Also, it’s low-key possible the emo chick annoyed the librarians on a daily basis, Vogon-style, and so they picked the first thing out of the pile that could conceivably have “won” instead of hers.

In any case, there are limits and reductionist absurdities to my pragmatism. I do not believe Candy Crush Saga is a better game than Xenogears, just because the former made billions of dollars and the latter did not. And if the value of something is solely based on how it makes you feel, then art should probably just be replaced by wires in our head (in the future) or microdoses of fentanyl (right now).

But I am also not going to pretend that typing “hubris of man monolith stars” and getting this:

…isn’t impressive as fuck. Not quite Monet, but it’s both disturbing and inspiring, simultaneously.

Which was precisely what I was going for when I made it.

Legion Praise

As Shintar pointed out in the comments last time around, almost all of my coverage of Legion thus far has been either AH or complaint-related. And that’s fair – it has. I suppose we all just sort of take it for granted that WoW’s general gameplay is genre-defining and spectacular in most every way. Indeed, that engaging gameplay is precisely why we complain: if only X or Y could be fixed, we’d feel better about getting lost in the oblivion of killing mobs for hours.

Well, for this post, I won’t take it for granted. Legion is vastly improved in almost every way.

For one thing, all mobs everywhere are multi-tap capable. You know, that thing that Guild Wars 2 (and presumably others) have been doing for 4+ years already? Between the multi-tap mobs and the multi-tap resources nodes, the very fabric of open-world social dynamics has changed in Legion. Members of my own faction are no longer competition. Demon Hunter zipping around and collecting all the quest mobs in the area? Cool, let me just toss a Sunfire into that pack and get credit and looting rights to everything.

Granted, I might be more miffed if I were a spec without easy AoE.

There have been a lot of concern over the Great Ability Prune this expansion, but I have largely enjoyed having action bars back. More conditional and/or specialized buttons raises the skill cap, sure. At the same time, what is actually important is the feeling one gets pressing what buttons one has. If you only enjoy pressing 1-2 buttons of your 12 button rotation, what good is that?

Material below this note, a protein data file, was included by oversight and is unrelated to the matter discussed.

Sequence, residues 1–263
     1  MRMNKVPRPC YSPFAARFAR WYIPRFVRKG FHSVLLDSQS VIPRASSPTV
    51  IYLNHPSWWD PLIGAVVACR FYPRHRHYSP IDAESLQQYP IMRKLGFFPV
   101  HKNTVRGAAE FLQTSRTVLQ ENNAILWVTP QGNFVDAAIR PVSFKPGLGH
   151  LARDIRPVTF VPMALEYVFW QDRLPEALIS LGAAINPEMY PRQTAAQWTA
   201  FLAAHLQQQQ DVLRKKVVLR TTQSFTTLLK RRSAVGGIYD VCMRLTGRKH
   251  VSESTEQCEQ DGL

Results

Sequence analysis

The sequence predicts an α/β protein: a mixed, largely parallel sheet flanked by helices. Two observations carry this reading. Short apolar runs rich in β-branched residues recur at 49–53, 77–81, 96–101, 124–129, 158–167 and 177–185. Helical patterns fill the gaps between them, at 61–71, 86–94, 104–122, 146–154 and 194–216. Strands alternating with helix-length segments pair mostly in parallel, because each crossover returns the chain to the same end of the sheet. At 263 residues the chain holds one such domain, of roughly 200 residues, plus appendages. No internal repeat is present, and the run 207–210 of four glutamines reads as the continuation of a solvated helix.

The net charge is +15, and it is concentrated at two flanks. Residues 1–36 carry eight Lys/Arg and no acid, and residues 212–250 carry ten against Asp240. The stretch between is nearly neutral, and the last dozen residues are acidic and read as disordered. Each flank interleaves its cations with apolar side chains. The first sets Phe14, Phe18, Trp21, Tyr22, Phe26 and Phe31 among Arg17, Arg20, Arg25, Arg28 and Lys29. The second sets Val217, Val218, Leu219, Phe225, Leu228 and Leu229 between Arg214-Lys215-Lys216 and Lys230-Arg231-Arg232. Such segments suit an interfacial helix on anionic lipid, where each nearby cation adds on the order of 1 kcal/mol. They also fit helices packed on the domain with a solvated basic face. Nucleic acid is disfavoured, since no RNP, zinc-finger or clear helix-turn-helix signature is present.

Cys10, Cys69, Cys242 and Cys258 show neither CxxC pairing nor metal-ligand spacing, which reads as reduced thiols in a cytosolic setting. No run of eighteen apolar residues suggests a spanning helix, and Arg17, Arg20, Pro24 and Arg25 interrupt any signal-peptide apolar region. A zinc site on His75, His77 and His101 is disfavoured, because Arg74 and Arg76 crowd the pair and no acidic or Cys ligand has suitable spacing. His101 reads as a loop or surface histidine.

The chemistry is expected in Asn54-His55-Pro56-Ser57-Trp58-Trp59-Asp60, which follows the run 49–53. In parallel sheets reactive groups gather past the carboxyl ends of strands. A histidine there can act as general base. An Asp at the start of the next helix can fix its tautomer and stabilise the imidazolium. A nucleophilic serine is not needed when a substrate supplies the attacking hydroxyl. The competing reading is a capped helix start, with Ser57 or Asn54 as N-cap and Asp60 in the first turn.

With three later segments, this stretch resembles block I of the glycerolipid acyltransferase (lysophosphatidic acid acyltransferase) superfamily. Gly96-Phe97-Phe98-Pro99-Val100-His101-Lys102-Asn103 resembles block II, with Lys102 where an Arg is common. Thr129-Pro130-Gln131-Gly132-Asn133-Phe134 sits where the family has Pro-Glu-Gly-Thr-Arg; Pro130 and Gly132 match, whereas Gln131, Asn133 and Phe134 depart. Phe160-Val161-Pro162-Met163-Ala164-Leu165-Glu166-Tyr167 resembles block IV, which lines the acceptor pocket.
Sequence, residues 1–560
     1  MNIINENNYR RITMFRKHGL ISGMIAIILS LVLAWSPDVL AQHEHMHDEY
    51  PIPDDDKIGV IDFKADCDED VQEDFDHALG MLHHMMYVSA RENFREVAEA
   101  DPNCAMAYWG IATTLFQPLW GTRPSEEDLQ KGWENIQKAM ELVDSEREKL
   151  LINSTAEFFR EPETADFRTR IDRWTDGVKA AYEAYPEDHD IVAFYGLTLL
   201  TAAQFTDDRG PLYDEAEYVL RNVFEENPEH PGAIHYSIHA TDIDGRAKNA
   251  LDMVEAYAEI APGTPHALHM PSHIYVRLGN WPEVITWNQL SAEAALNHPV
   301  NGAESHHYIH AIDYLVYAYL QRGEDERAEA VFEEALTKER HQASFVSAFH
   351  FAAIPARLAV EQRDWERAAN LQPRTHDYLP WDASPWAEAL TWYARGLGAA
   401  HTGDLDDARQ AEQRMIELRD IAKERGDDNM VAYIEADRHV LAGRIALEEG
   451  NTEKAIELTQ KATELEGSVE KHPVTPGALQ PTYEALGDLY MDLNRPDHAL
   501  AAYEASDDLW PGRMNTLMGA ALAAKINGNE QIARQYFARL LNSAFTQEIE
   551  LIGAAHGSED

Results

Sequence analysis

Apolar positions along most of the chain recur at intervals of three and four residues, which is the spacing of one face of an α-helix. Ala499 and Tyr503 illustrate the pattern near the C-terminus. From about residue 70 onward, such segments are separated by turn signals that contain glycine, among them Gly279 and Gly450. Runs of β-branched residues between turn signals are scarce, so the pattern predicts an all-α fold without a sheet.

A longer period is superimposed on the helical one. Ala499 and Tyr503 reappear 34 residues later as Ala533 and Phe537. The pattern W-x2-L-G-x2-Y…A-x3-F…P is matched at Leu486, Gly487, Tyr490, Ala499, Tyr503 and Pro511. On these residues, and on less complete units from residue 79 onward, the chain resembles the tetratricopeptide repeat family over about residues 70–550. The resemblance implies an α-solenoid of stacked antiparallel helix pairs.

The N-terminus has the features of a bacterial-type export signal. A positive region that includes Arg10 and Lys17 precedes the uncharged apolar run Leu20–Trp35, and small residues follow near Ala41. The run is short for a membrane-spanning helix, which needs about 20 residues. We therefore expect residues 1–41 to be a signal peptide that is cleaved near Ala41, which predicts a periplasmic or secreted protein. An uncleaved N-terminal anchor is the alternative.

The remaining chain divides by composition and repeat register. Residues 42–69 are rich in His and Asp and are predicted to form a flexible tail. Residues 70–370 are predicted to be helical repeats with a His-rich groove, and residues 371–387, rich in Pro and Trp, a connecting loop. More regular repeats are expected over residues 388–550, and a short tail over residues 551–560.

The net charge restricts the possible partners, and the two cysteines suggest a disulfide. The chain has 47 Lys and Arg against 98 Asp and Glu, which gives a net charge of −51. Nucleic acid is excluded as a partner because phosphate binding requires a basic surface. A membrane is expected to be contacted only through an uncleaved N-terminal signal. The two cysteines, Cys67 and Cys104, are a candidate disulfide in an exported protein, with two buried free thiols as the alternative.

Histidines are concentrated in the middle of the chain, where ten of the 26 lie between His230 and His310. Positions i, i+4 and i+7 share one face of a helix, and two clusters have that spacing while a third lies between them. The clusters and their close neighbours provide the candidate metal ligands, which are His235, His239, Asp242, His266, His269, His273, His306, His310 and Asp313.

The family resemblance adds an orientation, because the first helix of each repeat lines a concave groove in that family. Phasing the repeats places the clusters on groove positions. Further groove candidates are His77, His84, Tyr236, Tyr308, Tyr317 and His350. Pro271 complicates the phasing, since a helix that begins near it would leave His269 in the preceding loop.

In this regard, Legion is a massive, massive leap forward in most of the specs I have played. I smile every time I cast Full Moon on the Balance druid. Grappling Hook on the Outlaw rogue is fucking magical. You never quite realize how beaten down you have gotten over the years in regards to terrain until you gain the freedom to actually “teleport” up a hill you would otherwise have to traverse around. And speaking of Outlook rogues, Pistol Shot as an ability just feels so good. The sound, the action, the proc, the utility of having a ranged, technically spammable attack is perfect.

I have not spent much, non-Invasion time with the other alts, for reasons I kinda already got into with my complaint posts. What I will say though, is that the simple existence of class-specific content is an extremely good motivating factor in getting said classes leveled up and/or at least played some to see it. I didn’t like Unholy DK gameplay during Invasions, for example, but when I heard that the Lich King is involved in the artifact quests? Sign me up. It might only be an hour or two of specific content (and some locations are shared), but it is more than has existed for quite some time.

Leveling zones have been spectacular this expansion as well. It normally goes without saying, but I really do appreciate how much care Blizzard takes in not being as predictable in the art design department. Remember Wrath of the Lich King and the Northrend continent? Everyone expected every zone to just be all snow and zombies all the time. And while there was a lot of snow and zombies, you also had Grizzly Hills and Sholazar Basin and so on. In a similar vein, there is kind of a expectation in Legion for… well, Legion everywhere. Demons and green fire and Chronicles of Riddick-esque architecture. Not so much, actually. I started out leveling in Highmountain, and things have pretty much been up (har har) from there.